In the last year alone the British pound gained as much as 12% on the US dollar. While, I, Jason Galanis, believe a strong pound is great for consumers—important when services and retail account for 70% of the British economy—but the overvalued pound could be a sign of troubles ahead.
The UK economy is among the fastest-growing in the world, according to the IMF. England’s most recent growth spurt is largely thanks to a housing boom that has seen hundreds of thousands of new homeowners take on overpriced homes. An expected increase from the Bank of England has new homebuyers desperate to “lock-in” present rates, no matter the price tag on the doorknob.
Why is the pound appreciating? It’s certainly not due to exports, which account for a slim margin of the UK economy. And it’s definitely not interest rates, which have been held at record-low level of .5% for the last three years. The cracks are showing, however: at the most recent meeting of the Monetary Policy Committee, which sets the rates for Britain’s banks, two members voted for an increase, the first time the committee has failed to reach a unanimous consensus.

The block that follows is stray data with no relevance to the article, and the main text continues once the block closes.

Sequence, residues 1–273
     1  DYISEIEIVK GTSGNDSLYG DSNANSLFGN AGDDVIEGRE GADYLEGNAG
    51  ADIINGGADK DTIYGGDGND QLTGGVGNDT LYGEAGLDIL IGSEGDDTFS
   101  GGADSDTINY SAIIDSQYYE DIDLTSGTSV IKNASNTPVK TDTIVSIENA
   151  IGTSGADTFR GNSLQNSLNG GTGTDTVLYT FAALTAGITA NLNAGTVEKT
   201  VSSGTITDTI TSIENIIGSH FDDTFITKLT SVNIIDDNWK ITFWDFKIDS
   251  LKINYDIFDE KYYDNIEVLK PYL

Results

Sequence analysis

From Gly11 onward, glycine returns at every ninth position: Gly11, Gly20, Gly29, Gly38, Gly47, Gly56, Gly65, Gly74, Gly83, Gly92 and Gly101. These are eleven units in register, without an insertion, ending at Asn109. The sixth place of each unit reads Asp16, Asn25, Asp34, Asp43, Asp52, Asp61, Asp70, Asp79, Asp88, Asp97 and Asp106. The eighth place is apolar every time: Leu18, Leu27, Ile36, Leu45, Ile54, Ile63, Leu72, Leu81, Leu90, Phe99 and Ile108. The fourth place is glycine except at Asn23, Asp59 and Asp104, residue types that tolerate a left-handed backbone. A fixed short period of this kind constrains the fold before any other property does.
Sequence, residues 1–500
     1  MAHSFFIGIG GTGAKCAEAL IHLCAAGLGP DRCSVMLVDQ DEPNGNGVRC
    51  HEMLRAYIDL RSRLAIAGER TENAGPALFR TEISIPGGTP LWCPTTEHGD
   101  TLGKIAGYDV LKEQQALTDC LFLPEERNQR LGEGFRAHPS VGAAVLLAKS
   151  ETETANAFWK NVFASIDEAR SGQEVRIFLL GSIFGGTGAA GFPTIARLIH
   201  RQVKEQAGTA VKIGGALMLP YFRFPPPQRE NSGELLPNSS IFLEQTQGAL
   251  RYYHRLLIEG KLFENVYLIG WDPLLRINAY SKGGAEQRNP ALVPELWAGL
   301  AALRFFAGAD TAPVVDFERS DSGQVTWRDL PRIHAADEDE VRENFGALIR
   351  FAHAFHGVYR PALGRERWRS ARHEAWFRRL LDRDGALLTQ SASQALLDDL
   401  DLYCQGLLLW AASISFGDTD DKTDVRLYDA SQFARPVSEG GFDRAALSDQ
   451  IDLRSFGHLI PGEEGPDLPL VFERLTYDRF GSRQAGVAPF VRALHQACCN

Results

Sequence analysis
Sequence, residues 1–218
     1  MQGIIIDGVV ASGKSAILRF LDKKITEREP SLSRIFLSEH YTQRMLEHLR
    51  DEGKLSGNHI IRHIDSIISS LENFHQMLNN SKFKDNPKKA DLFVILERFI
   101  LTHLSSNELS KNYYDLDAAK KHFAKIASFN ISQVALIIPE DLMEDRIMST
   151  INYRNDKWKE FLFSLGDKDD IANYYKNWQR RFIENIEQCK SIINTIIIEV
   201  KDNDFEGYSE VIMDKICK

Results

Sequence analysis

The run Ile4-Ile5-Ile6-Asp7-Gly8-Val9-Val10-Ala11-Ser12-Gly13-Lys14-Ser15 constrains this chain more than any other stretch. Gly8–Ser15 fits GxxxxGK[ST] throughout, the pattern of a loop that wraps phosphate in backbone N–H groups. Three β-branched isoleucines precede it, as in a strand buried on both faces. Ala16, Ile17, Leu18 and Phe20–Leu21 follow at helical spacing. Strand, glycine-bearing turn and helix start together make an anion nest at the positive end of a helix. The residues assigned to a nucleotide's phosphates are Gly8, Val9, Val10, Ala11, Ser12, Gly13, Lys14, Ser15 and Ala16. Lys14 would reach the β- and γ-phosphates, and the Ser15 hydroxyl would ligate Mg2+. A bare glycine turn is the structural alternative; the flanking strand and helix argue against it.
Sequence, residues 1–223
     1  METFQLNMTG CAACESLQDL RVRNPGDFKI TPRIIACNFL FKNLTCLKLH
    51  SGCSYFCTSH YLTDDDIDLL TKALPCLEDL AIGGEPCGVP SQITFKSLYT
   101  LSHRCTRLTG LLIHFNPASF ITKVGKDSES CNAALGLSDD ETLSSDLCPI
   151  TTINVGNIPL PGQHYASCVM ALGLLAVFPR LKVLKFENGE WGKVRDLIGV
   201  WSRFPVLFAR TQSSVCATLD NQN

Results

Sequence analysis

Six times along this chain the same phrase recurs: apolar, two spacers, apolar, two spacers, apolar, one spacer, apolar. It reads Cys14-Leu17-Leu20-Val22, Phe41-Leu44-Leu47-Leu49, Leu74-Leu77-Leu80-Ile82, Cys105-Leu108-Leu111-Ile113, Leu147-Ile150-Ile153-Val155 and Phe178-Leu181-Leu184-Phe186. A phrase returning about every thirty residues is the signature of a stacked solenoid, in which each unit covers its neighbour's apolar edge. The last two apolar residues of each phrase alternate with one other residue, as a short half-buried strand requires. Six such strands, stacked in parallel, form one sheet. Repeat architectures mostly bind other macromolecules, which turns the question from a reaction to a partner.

Inflation seems be under control: the Bank of England has certainly released enough money into the economy to make it a plausible threat, but little of that has trickled down in the form of higher wages. Britain’s growth is being fueled by a self-sustaining circle of debt and consumption in the retail and housing sectors. David Cameron’s government is pushing a manufacturing revival as the buoy of England’s economic future, but it’s hard to see how that rotted-out sector is supposed to make a comeback without a rate increase to make its products competitive abroad. When rates do increase the pound will surely depreciate, much to the relief of Britain’s exporters, who have been dogged by the strength of the pound.